The Kansas Nurse Leader Residency Program: A Clinical-Academic Partnership to Develop Nurse Leaders

Monday, 19 September 2016: 1:50 PM

Jill Peltzer, PhD, MS, BSN, APRN-CNS1
Brian Selig, DNP, MHA, BSN, BA, RN2
Cynthia Teel, PhD, MS, BSN, RN, FAAN1
(1)University of Kansas School of Nursing, Kansas City, KS, USA
(2)Department of Nursing, University of Kansas Hospital, Kansas City, KS, USA

Background: The IOM’s seminal report, Future of Nursing: Leading Change, Advancing Health, offered 8 recommendations for nursing education, leadership, and practice (2011). As the largest sector of the US healthcare workforce, nurses are at the forefront in working with patients, families, and communities, across all levels of care. With such extensive involvement in the care of individuals and populations, nurses also should engage as full partners in improving the country’s healthcare systems. With the involvement of nurses from across Kansas the Kansas Action Coalition (KSAC) was formed in 2011, to promote education and leadership opportunities for nurses, as a means to advance care quality across settings.  In 2013, the KSAC surveyed Kansas nurses about leadership, including goals, barriers, and needs. Nurses had a keen desire to develop their knowledge and skills for current or future leadership opportunities (Peltzer et al, 2015).

Methods: To help meet these goals, the KSAC partnered with an academic health center (AHC) to develop a statewide nurse leader residency program for nurses from four specialty areas: acute care, long-term care, public health, and school health within four regions of Kansas: northeast, northwest, southeast, and southwest. The premise for including these four specialty areas was that although leadership skills are necessary for nurses in every setting and role, public health and school nurses – who work with vulnerable children and families and hold key decision making roles – often are overlooked in leadership development opportunities. The team used a nurse residency program developed by an AHC nurse leader for acute care as a starting point for the KNLR program. They reached out to nurse leaders from other academic organizations and the four specialty areas across the state to create a core KNLR leadership team to further refine the program for relevance to the four specialty areas.

The six-month residency program, delivered through 4 online modules and 4 onsite meetings, has content about relationship and team development; quality, safety, and performance improvement methods; financial management, and strategic planning. The nurse leader residency program will be evaluated using multiple strategies. The nurse residents and mentors have completed a baseline assessment of the nurse residents' leadership skills and competencies, using a modified version of the American Organization of Nurse Executives' Nurse Manager Skills Inventory.  The nurse residents and their mentors will complete the inventory to measure the residents' post-program leadership skills and competencies. Using participant and program facilitator program assessments, program fidelity will be evaluated for delivery, receipt, and enactment, i.e., that program content was delivered and received per the program protocol and that participants have used the content in their practice.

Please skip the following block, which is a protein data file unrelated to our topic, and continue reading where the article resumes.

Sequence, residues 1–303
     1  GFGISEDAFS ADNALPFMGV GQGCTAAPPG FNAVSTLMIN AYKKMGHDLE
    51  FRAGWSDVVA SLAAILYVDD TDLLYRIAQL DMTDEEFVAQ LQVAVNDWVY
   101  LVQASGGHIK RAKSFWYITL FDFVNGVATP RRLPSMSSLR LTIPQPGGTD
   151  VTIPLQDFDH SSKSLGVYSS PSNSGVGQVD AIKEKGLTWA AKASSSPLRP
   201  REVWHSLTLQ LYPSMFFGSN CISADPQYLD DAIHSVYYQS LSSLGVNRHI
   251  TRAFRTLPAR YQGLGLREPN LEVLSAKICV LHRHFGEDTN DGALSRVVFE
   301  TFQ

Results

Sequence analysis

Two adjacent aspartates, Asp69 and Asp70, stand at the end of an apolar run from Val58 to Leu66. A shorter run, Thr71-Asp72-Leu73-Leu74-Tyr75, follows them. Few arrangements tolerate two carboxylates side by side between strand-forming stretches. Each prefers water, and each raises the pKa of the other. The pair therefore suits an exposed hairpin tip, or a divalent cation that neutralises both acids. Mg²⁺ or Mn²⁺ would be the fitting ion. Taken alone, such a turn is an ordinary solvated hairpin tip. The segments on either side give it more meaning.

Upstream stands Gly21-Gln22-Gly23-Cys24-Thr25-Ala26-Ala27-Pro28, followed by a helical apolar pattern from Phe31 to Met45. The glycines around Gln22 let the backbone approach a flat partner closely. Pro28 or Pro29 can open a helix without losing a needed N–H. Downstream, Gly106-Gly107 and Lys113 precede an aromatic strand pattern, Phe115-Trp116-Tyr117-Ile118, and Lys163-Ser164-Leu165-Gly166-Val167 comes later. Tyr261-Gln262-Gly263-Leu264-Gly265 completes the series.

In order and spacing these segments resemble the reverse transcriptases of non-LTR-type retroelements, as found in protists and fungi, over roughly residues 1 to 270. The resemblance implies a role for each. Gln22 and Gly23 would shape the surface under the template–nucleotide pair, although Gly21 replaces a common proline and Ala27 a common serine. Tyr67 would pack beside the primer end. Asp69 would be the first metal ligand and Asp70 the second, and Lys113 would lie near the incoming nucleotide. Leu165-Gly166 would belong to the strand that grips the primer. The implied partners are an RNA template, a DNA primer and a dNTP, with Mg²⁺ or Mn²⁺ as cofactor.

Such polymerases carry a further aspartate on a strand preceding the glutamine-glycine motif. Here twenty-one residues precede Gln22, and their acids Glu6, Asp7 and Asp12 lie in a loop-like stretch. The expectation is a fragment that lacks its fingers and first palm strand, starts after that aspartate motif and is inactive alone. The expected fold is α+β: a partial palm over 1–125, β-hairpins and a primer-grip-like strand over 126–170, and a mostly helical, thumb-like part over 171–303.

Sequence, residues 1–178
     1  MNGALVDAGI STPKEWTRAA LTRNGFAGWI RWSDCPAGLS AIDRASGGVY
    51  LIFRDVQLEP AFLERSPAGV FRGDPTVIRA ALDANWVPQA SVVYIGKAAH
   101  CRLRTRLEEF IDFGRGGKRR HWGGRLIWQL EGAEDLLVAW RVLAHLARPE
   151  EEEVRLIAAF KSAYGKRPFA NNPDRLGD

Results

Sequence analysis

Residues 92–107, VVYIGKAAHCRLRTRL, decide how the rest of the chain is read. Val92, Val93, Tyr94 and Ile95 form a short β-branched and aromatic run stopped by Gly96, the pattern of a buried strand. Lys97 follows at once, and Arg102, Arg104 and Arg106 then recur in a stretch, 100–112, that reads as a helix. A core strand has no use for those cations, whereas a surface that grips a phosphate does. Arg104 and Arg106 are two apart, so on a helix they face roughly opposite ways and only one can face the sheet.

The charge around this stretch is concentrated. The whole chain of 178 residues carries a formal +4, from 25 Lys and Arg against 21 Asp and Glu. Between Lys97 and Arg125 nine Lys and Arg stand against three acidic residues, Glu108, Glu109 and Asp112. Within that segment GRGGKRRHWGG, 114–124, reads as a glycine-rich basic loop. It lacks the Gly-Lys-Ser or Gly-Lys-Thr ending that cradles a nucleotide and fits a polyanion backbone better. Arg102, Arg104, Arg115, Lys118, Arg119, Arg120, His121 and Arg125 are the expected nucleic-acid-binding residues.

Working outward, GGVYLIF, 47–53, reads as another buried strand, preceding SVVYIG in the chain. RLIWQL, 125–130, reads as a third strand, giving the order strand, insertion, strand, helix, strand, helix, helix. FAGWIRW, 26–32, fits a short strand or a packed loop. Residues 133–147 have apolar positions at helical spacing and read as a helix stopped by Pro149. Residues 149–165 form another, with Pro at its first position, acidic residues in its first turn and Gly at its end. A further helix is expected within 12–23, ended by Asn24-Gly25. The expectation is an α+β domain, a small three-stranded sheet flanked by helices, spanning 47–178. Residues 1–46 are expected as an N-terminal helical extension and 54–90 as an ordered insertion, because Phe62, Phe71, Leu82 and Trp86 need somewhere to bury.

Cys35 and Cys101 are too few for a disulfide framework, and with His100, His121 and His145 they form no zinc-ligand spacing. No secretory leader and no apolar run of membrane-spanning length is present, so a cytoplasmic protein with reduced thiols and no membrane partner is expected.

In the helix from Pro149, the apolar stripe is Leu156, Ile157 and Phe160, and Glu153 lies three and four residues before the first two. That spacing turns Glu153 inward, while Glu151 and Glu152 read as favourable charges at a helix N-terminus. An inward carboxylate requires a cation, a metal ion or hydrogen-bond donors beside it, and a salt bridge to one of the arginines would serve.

Following a year of planning, the KNLR enrolled a cohort of 36 nurse residents. The nurse residents represent the four specialty areas and the four geographic regions of the state. The nurse residents have identified a mentor with whom they work during the program. They also are completing a small leadership change project, intended to benefit the participant’s organization and/or community. At the culmination of the program in July 2016, the nurse residents, mentors, and KNLR leadership team will meet in a central location for networking and sharing of the resident projects.

Results: The KNLR curriculum development, implementation, and evaluation processes will be explained. We will discuss the challenges that arose when implementing a state-wide program across multiple specialty areas of practice. We will explain how these challenges were addressed to ensure positive learning outcomes for the nurse residents.  We will discuss the partnership between the ACH, the KSAC, schools of nursing, and other clinical organizations to ensure successful implentation of the KNLR program, and lessons learned from implementation of the residency project.